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Tuesday, September 26, 2006

 

"The Limits of Solidarity"

In the current edition of The Economist there is an article discussing the decline of unions in America as well as legislation and legal battles questioning aspects regarding the formation of unions and how much power they should possess. The National Labor Relations Board (the politically appointed body that interprets American labor law) is about to rule on the 'Kentucky River' cases. The findings of this decision will determine which jobs may be classified as 'supervisory'-"supervisors do not have a legal right to collective bargaining (this) would broaden the range of jobs deemed supervisory (which) reduces the pool of workers who can be unionized." The consensus seems to be the rulings will be bad for unionists because "8 million people could lose the right to organize" according to the AFL-CIO. Of that unions could loose up to "2 million existing members or 13% of current membership."

Unions are fighting back with the Employee Free Choice Act which would "stiffen punishments for employers who intimidate workers trying to form a union; mandate third-party arbitration and unions if bosses cannot agree on a contract; and it would get rid of secret ballots as a prerequisite for union recognition." Unions propose a "card-check" system which requires employers to accept unions if a majority of their employees say they want one. The argument for the card-check system is problematic because it opens up the door to intimidation, bribery, and coercion by both employers and unionists. Public opinion is not conceding this problem so unions are turning to "corporate campaigns designed to pressure firms into allowing unionization by card check." They have already accomplished this goal with Cingular Wireless and Unite Here by publicly attacking the firms.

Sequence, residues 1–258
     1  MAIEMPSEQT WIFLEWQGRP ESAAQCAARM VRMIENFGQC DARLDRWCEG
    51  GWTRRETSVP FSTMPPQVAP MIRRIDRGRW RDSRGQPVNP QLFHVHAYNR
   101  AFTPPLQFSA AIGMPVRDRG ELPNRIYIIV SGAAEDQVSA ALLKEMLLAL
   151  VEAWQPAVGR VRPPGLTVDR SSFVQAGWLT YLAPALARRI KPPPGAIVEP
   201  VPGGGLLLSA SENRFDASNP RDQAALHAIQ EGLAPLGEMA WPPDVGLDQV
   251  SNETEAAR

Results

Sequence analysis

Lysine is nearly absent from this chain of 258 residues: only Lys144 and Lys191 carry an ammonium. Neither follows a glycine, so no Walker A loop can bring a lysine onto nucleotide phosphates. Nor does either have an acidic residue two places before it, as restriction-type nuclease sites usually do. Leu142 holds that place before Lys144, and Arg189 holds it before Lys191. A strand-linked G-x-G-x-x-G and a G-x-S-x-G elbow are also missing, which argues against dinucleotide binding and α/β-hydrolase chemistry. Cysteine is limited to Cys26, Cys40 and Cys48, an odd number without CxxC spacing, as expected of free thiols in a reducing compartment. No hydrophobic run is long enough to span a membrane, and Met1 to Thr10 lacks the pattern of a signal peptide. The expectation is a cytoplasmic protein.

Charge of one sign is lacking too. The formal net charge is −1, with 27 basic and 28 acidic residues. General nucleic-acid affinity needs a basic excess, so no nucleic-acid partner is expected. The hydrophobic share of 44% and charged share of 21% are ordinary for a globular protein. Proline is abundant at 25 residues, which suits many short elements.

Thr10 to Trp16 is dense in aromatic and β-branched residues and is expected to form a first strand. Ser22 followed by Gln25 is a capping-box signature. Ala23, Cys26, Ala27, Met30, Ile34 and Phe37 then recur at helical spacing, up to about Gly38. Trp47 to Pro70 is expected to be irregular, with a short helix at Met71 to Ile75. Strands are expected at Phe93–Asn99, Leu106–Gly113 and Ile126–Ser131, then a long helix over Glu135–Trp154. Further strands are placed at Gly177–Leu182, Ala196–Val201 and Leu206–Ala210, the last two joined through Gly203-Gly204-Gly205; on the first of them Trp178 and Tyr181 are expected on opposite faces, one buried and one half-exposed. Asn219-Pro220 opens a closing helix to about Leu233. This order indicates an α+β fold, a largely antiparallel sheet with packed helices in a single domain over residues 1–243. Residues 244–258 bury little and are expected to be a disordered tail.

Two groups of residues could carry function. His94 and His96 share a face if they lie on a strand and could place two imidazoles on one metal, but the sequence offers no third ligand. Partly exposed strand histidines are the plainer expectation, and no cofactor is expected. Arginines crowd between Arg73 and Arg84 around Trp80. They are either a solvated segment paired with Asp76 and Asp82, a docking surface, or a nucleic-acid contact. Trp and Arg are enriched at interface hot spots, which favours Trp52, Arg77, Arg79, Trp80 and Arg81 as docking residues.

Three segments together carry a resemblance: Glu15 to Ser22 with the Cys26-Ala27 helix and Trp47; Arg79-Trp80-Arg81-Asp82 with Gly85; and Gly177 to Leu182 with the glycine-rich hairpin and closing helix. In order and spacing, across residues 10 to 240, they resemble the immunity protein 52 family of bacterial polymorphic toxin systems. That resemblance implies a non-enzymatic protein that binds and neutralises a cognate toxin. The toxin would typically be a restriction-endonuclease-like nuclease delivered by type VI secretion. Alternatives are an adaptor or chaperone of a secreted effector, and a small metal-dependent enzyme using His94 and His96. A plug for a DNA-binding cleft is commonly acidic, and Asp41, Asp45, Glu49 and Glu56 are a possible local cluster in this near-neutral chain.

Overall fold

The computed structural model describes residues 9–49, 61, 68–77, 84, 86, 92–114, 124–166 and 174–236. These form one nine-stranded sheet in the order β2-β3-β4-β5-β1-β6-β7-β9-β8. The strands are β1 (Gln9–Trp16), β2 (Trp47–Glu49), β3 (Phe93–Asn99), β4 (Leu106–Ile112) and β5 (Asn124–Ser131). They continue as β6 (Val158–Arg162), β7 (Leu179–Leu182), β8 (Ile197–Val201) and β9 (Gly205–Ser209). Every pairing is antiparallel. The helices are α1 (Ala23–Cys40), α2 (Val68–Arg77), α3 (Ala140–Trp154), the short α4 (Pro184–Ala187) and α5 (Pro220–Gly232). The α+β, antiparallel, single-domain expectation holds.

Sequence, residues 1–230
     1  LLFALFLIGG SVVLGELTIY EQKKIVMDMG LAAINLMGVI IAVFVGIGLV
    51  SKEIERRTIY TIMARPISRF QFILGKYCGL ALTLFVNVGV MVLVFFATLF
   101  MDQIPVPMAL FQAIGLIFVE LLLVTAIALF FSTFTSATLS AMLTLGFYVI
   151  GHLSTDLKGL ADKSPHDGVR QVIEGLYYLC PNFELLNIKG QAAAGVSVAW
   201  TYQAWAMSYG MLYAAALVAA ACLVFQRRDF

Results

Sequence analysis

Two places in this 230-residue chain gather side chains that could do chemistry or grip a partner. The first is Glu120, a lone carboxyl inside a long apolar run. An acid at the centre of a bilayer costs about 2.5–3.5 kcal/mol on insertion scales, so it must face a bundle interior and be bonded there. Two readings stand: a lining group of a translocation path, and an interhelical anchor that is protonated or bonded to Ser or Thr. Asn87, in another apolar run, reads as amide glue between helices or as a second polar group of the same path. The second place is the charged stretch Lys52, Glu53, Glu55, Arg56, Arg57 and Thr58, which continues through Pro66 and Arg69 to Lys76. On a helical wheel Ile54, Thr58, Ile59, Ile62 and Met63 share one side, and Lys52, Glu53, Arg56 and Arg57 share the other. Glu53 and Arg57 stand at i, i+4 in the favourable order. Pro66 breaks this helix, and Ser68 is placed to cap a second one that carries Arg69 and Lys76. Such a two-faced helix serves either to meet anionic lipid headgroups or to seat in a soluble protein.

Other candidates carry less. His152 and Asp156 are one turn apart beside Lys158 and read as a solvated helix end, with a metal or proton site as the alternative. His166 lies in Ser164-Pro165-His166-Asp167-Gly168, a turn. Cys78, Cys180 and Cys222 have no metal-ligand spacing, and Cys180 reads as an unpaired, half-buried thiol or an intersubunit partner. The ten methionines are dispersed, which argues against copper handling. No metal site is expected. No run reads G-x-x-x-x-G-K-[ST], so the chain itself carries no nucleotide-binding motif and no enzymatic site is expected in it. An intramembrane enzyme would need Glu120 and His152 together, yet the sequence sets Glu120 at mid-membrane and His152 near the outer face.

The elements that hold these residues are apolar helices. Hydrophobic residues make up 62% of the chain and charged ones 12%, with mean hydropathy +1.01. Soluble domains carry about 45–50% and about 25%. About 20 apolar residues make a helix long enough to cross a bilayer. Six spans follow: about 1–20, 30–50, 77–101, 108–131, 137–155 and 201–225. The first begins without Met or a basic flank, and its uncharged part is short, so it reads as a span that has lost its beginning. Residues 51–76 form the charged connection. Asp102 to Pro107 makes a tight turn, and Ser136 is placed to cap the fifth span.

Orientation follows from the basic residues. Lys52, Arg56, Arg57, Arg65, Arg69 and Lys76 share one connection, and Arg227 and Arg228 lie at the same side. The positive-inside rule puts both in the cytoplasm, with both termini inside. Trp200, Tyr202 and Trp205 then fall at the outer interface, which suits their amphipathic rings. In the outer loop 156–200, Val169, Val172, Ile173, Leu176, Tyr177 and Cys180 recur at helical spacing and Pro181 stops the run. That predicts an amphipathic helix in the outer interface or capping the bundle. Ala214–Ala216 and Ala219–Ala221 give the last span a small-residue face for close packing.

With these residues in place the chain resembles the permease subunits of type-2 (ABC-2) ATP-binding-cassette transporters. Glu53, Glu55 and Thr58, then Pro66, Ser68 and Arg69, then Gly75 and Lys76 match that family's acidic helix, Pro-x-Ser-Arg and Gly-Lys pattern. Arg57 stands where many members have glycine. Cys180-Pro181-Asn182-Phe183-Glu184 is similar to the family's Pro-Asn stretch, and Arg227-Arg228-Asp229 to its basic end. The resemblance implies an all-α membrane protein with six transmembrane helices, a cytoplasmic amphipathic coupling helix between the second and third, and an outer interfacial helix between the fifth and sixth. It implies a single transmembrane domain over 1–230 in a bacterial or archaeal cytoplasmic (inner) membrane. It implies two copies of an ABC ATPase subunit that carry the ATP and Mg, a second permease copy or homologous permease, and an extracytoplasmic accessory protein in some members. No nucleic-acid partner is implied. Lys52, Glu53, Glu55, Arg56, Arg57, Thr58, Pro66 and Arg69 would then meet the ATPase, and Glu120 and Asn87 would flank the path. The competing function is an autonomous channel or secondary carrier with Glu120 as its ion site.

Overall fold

Despite the success of unionists in limited areas union membership is still on the decline. Which is partially the result of the unions ability to provide the same reliable incentives to workers as it was previously able to- "Unions can no longer protect against job losses, as Detroit's carworkers know only too well." In addition the ability of private firms to provide the same services as unions has also had a negative impact on membership. "Sophisticated human resource departments now allow employers to replicate many of the unions' traditional functions such as dealing with workers grievances."

I am against the restriction of individuals ability to be able to form and participate in any group they wish as long as it does not cause harm to someone else. However, sense unions have the coercive force of government behind them, they are more of a hindrance to the market and to those very individuals that are participating in them. When unions force wages to increase, it has to be paid for, the money has to come from somewhere. If the wages are increased in service industries, the price would be passed on the the consumer which would presumably hurt the disadvantaged. Americans seem to be understanding this phenomenon "the share of American workers carrying union cards has plunged from over 20% in 1980 to under 13% in 2005." In America, membership in unions is decreasing which seems to be a global trend across many wealthy countries.

Comments:
Mandy,

Your post doesn't have a working link to the article you refer to, so I can't really check on my own for how I think we might apply Olson's theory.

One thing I do react to in your discussion is when you note the supervisors don't have a legal right to collective bargaining. I suspect this is not correct. Everyone has a right to voluntarily form a group, and a group may attempt to do all sorts of things, one of which would be to bargain collectively with an employer or employers. I would be surprised if government had made it illegal for supervisors to form a group for such purposes. . . but perhaps.

Instead, I think what is meant is that supervisors do not have the coercive power of government behind them to force employers into collective bargaining.
 
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